Here are four takeaways from the Blackhawks' 6-3 loss to the Tampa Bay Lightning at the United Center on Sunday:

1. Blackhawks on wrong side of history 

Earlier this year the Blackhawks made history by appearing in five straight overtime games to start the season, something no team in NBA, NFL, NHL or MLB history has ever done.

But Sunday they found themselves on the wrong side of it after allowing 33 shots on goal in the second period alone. It tied a franchise high for most given up in a single period — March 4, 1941 vs. Boston — and is the most an NHL team has allowed since 1997-98 when shots by period became an official stat.

"It's pretty rare to be seeing that much work in a period," said Cam Ward, who had a season-high 49 saves. "But oh man, I don't even know what to say to be honest. It's tough. We know that we need to be better especially in our home building, too. And play with some pride and passion. Unfortunately, it seemed like it was lacking at times tonight. The old cliche you lose as a team and overall as a team we weren't good enough tonight."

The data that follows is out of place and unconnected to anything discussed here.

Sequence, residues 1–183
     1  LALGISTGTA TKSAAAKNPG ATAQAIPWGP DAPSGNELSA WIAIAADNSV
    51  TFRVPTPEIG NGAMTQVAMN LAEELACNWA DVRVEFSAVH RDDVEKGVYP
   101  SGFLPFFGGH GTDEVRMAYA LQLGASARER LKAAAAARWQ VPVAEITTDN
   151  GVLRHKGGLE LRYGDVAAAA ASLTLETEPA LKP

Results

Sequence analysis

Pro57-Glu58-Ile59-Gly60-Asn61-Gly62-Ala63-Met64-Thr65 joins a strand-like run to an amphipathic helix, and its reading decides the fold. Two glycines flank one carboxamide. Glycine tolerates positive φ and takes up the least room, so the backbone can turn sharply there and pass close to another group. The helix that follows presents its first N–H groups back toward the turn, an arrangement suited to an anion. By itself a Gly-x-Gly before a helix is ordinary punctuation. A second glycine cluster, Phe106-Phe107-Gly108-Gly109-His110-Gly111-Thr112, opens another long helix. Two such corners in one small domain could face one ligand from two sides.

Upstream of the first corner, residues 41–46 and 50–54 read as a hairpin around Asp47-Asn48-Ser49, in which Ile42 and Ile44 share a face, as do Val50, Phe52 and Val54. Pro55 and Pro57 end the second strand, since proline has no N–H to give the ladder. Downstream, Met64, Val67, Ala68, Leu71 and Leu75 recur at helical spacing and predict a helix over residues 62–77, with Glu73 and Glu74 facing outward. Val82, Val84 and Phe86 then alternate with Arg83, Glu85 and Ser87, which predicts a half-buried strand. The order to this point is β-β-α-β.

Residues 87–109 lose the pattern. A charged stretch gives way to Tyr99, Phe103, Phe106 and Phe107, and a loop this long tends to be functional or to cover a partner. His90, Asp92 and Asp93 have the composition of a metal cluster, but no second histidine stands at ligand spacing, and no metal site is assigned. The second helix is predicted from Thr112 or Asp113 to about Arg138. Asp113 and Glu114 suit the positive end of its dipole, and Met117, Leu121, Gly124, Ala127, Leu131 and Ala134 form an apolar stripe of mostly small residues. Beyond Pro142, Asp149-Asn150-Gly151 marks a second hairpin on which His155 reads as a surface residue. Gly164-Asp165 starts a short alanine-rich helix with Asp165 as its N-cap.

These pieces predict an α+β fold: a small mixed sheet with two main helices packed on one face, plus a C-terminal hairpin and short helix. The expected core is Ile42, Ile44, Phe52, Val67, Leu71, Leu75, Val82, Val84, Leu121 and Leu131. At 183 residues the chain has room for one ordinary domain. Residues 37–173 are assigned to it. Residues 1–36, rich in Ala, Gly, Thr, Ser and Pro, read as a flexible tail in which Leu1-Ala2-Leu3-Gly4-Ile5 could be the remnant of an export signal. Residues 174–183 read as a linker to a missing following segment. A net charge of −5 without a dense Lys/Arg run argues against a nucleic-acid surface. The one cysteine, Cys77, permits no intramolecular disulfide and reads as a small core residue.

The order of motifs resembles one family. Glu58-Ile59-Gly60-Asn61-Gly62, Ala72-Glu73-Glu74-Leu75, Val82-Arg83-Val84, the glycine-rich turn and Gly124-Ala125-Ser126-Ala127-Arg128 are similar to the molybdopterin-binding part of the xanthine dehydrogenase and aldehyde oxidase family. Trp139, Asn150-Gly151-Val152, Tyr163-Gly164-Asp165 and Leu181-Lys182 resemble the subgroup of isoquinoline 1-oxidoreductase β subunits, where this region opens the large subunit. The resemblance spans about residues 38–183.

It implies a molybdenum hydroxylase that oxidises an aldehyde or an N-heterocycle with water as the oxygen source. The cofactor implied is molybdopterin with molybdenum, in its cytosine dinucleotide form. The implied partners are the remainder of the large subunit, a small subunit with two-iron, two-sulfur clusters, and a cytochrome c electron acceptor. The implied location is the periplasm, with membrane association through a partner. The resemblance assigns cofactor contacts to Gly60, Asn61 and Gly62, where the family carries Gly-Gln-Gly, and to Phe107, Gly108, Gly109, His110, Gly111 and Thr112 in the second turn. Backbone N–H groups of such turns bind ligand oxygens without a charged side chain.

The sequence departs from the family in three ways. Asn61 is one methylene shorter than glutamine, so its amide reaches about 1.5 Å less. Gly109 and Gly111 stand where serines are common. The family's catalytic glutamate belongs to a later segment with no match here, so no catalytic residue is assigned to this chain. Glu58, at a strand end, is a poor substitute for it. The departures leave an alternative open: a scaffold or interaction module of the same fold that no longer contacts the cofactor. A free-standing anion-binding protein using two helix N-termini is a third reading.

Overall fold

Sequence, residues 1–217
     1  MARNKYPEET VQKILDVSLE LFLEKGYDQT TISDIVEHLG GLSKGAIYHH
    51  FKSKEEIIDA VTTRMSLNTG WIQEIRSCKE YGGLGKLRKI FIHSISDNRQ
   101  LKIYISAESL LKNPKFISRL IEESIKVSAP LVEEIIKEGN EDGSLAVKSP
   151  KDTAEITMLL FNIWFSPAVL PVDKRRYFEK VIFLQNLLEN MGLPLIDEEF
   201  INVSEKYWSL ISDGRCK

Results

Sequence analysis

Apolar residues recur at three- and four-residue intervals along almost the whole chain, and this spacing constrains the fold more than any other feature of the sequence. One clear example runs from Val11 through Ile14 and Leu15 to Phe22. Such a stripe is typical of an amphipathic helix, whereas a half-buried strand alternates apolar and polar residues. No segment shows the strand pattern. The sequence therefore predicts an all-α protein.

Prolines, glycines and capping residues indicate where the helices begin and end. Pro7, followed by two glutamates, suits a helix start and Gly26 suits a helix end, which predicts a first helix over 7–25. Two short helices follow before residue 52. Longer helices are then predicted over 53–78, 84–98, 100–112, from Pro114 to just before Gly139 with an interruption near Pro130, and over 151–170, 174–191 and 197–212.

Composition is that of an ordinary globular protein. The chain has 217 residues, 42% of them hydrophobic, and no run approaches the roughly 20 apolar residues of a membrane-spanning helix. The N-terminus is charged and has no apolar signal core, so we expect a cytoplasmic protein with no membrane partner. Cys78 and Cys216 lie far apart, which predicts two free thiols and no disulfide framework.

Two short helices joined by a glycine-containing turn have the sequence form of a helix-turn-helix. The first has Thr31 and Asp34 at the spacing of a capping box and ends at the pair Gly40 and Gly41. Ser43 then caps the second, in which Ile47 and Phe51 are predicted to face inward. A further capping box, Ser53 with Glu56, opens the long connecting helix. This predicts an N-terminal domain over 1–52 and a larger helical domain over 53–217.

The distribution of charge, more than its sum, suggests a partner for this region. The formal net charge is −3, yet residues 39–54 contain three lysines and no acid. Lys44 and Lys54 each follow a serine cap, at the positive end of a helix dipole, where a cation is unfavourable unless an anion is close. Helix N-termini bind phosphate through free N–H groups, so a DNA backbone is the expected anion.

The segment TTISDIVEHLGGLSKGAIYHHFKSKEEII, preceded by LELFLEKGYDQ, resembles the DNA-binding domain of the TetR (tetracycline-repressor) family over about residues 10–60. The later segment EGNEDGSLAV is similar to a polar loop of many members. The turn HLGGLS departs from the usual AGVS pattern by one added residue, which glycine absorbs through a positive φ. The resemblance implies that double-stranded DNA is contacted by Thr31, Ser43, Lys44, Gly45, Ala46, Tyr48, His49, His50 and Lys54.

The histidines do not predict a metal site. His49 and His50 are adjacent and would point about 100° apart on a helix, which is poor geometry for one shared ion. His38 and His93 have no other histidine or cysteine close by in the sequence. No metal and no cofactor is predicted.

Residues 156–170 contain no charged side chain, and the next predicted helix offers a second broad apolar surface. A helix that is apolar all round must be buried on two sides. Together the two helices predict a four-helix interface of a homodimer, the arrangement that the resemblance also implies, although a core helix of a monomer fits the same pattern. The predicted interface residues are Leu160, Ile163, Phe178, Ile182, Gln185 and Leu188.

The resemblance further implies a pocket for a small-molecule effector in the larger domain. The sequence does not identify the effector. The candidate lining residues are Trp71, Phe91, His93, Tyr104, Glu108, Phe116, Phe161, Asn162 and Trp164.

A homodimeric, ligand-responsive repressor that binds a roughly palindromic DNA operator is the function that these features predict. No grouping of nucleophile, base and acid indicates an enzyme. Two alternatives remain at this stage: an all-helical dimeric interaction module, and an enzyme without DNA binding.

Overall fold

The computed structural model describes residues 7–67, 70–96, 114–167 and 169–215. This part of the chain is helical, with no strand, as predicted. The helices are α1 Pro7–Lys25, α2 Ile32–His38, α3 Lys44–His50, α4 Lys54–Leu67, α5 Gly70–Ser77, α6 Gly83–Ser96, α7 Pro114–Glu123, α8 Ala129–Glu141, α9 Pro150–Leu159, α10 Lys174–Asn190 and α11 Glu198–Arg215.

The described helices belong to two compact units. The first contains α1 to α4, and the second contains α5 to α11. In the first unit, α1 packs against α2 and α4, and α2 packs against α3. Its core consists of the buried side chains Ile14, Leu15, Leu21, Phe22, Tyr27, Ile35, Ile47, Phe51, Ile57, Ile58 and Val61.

Said coach Joel Quenneville: "That was a tough, tough period in all aspects. I don’t think we touched the puck at all and that was the part that was disturbing, against a good hockey team."

2. Alexandre Fortin is on the board

After thinking he scored his first career NHL goal in Columbus only to realize his shot went off Marcus Kruger's shin-pad, Fortin made up for it one night later and knows there wasn't any question about this one.